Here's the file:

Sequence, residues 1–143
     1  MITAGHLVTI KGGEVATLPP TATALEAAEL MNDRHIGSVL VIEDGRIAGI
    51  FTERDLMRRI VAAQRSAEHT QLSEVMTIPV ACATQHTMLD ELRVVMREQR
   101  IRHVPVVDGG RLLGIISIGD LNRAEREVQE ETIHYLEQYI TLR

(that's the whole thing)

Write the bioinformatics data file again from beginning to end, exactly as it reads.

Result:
Sequence, residues 1–143
     1  MITAGHLVTI KGGEVATLPP TATALEAAEL MNDRHIGSVL VIEDGRIAGI
    51  FTERDLMRRI VAAQRSAEHT QLSEVMTIPV ACATQHTMLD ELRVVMREQR
   101  IRHVPVVDGG RLLGIISIGD LNRAEREVQE ETIHYLEQYI TLR